Columbus left Spain in 1492 and, after first landing in the Bahamas, continued on to visit Cuba’s shores. There he found thick vegetation and peaceful Taino Indians, who had inhabited the island for at least 3,000 years. Within the next two decades, the Spanish Empire would wipe out most of the indigenous population and, in turn, transport upwards of 30,000 slaves from Africa to work vast plantations of cash crops, most notably sugar cane.
Between the late-1700s and late-1800s, Cuba dominated the world’s sugar market; until the 1960 embargo, a third of the United States’ sugar imports came from there. Numerous slave rebellions arose during the early 19th century; in 1868, Cuban landowners joined in, launching the first war for independence. The second, in 1898, subsequently sparked the Spanish American War and US influence on the island. For the next half-century, Cuba would be America’s tropical playground; yet a series of dictators, culminating in the reign of Fulgencio Batista in the 1950s, led to one more revolution—and a 50-year halt in friendly relations.
While the Castro era was fraught with tensions between the US and Cuba, by 2013 those tensions began to thaw. The US embassy reopened in Havana, and trade and travel restrictions were loosened. Today the island once again welcomes Americans to her shores, revealing a fascinating culture, landscape, and infrastructure that have stood unchanged for a generation. Upcoming commercial flights and major cruise lines promise an influx of new tourists, making it all the more imperative for expedition travellers to visit now and experience Cuba’s diverse and distinctive character, before the inevitable changes that tourism brings.
Cuba has a rich culture which is largely an amalgamation of African and Spanish influences. The most prominent aspects are by far its music and art.
Cuban music is known the world over for its lively and exciting pulsating rhythms driving many to their feet. It encompasses a great deal of percussion – which is a direct reference to the country’s African heritage – and several types of string instruments including the guitar. Cuban music has also been the basis for other genres including salsa, jazz, and the tango.
Cuban art displays a clear blend of African and European styles, evolving through many phases from Vanguardian to more modernist and contemporary pallets. Art was heavily involved in the political situation from the 1960s onwards with many used as propaganda pieces advocating for the revolution.
The official language of the Republic of Cuba is Spanish, and – given the high level of literacy of Cubans – use is correct and ample with “cubanismos” or idiosyncratic words. Many people speak English, and those working in tourism tend to also speak German, French, Italian, and Russian.
In Cuba, Spanish was enriched by the language of Taíno indians, who lived in the archipelago before the arrival of the Spanish. They left words like “batea, bohío, canoa, carey, hamaca, or tabaco.” There is also a clear presence of English through the neo-colonial relations established during the 20th century that left many words and structures in the languages of Central and South America.
You should be aware that there are plenty of words that have a different meaning than the one they have in other Spanish countries, some are worth entirely avoiding. For example, the word “papaya” refers to a fruit in Spain and other countries, whereas it is used to name the genitalia of women in Cuba. The fruit is referred as “Fruta bomba” in Cuba. On the other hand, the expression “vale” that is widely used as “ok” in many countries, could be understood as extremely harsh by Cubans, since it is normally understood as “stop” or “shut up.”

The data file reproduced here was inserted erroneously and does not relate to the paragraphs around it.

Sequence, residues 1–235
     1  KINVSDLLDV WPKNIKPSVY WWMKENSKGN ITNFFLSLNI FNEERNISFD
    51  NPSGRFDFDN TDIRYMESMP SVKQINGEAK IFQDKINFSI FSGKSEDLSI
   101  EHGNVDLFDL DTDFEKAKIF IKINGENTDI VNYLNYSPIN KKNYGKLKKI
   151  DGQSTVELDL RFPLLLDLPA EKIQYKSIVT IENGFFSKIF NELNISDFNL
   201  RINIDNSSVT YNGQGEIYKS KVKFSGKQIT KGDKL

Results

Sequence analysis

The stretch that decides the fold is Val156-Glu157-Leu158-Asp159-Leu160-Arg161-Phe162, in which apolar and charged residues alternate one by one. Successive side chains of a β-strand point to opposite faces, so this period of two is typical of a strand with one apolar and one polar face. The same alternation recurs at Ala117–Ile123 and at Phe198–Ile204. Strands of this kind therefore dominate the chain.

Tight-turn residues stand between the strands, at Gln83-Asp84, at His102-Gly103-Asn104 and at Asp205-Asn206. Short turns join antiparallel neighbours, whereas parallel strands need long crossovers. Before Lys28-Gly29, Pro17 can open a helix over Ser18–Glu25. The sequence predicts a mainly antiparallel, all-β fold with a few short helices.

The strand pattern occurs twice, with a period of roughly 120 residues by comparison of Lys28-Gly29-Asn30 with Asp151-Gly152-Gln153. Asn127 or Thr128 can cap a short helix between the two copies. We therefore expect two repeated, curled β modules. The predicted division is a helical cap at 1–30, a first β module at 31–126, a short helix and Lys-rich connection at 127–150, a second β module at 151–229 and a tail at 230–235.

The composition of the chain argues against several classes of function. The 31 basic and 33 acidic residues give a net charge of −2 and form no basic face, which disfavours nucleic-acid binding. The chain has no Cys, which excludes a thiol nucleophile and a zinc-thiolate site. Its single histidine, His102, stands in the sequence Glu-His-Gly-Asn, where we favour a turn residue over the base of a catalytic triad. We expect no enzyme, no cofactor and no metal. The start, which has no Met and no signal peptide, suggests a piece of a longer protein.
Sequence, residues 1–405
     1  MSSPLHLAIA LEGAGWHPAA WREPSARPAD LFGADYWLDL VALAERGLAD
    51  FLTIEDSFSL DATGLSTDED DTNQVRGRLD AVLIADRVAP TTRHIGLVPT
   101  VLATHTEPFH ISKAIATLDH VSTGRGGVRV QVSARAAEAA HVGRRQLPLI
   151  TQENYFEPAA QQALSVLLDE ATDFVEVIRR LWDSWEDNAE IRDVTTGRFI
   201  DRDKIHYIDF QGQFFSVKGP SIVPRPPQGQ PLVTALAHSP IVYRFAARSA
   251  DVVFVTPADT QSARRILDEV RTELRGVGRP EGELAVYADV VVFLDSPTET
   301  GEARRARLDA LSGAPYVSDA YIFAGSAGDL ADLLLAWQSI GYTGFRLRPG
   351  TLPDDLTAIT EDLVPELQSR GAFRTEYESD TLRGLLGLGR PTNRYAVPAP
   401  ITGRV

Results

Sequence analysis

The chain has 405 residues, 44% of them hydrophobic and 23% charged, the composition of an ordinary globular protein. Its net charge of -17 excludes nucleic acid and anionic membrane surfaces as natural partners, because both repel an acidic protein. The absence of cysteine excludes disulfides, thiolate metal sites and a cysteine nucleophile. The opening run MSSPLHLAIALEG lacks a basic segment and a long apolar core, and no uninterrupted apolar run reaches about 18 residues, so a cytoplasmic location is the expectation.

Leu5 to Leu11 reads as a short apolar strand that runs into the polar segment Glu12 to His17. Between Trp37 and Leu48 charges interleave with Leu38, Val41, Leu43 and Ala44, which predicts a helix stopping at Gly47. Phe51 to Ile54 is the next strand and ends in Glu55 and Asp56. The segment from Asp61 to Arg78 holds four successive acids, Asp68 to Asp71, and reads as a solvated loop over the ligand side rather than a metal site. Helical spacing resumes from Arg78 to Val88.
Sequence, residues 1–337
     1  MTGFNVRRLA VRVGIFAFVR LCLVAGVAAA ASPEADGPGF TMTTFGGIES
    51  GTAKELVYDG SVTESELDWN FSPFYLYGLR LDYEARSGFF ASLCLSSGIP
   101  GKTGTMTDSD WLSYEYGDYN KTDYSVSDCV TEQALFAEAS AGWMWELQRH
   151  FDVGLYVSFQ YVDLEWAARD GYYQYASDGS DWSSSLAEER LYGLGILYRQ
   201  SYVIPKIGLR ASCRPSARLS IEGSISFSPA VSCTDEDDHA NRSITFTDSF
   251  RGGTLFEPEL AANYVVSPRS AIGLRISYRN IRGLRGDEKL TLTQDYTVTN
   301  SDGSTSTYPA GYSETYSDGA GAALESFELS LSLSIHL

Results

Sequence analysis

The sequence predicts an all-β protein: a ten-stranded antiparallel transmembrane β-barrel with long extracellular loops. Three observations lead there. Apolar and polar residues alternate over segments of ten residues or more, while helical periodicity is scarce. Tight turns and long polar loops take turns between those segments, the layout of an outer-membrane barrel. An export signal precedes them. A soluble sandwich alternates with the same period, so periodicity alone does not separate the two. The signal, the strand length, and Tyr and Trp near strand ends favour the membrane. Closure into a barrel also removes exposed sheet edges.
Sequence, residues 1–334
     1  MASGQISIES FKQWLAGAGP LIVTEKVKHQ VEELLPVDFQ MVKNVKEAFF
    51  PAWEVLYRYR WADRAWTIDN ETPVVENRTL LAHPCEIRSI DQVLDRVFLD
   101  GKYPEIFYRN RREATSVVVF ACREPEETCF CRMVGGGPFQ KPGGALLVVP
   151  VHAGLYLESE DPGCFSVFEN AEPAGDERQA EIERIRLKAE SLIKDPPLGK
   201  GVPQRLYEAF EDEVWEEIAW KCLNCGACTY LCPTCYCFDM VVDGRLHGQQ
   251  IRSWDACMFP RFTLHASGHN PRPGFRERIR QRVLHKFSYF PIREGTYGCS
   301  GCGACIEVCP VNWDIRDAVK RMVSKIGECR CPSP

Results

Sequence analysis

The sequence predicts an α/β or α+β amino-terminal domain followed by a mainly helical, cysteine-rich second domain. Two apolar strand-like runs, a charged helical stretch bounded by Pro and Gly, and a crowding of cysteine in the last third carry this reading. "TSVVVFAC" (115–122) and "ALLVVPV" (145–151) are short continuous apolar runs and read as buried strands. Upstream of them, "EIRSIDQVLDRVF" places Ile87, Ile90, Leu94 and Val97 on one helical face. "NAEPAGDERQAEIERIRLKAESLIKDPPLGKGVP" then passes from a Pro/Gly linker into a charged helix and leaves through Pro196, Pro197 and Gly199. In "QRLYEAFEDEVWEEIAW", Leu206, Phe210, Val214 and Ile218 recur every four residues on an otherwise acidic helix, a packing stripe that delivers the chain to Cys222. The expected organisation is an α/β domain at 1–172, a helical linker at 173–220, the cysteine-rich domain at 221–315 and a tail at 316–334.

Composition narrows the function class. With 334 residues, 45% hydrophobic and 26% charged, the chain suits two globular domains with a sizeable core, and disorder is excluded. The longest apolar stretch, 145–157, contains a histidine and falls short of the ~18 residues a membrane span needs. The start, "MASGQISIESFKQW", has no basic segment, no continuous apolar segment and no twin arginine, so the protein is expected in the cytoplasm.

Annual precipitation is generally between 1,000 and 1,500 millimeters (40 and 60 inches). In the south, where the only mountainous areas are found, there is a greater difference between the north-facing slopes, which are very wet, and those exposed to the south, where precipitation drops below 700 mm (27.5 in) per year (see Guantanamo Bay).
Winter in Cuba is pleasantly warm in the north and even quite hot in the south, with daytime temperatures around 26 degrees Celsius (79 °F) from December to February in Havana, and around 28 °C (82 °F) in the southernmost areas. The rains are not frequent but they are still possible, and they are more likely on the northern slopes, which are also exposed to cold air masses coming from the United States. These short cold outbreaks, from December to March, may bring some days characterized by cool weather, and a bit of cold at night, especially in the north-western part (see Havana, Varadero). Sometimes in Havana, the minimum temperature drops to around 10 °C (50 °F) or even below.
During the rainy season, there’s muggy heat everywhere, which is sometimes hard to bear, even though it is tempered by the breeze. The hottest months are July and August. The daytime temperature rarely exceeds 33/34 °C (91/93 °F), but moisture makes the heat sweltering. The rains are often intense, but they occur mostly in the form of showers or thunderstorms in the late afternoon. In July, there’s often a relative break in the rains, especially in the south, when rain showers become less frequent (even though the heat is still intense).
The Cuban peso is informally referred to as the “national currency” to distinguish it from the Cuban convertible peso. Convertible pesos are 25 times more valuable than the peso, but the peso is more widely used. The use of pesos dates back to 1857 during Spanish rule. The currency was only available in banknotes and its value pegged to the dollar at a ratio of 1:1. Coins were later introduced in 1915. The pegging of the peso to the US dollar was replaced by the Soviet ruble in 1960. Today, the peso is found in both coins and notes.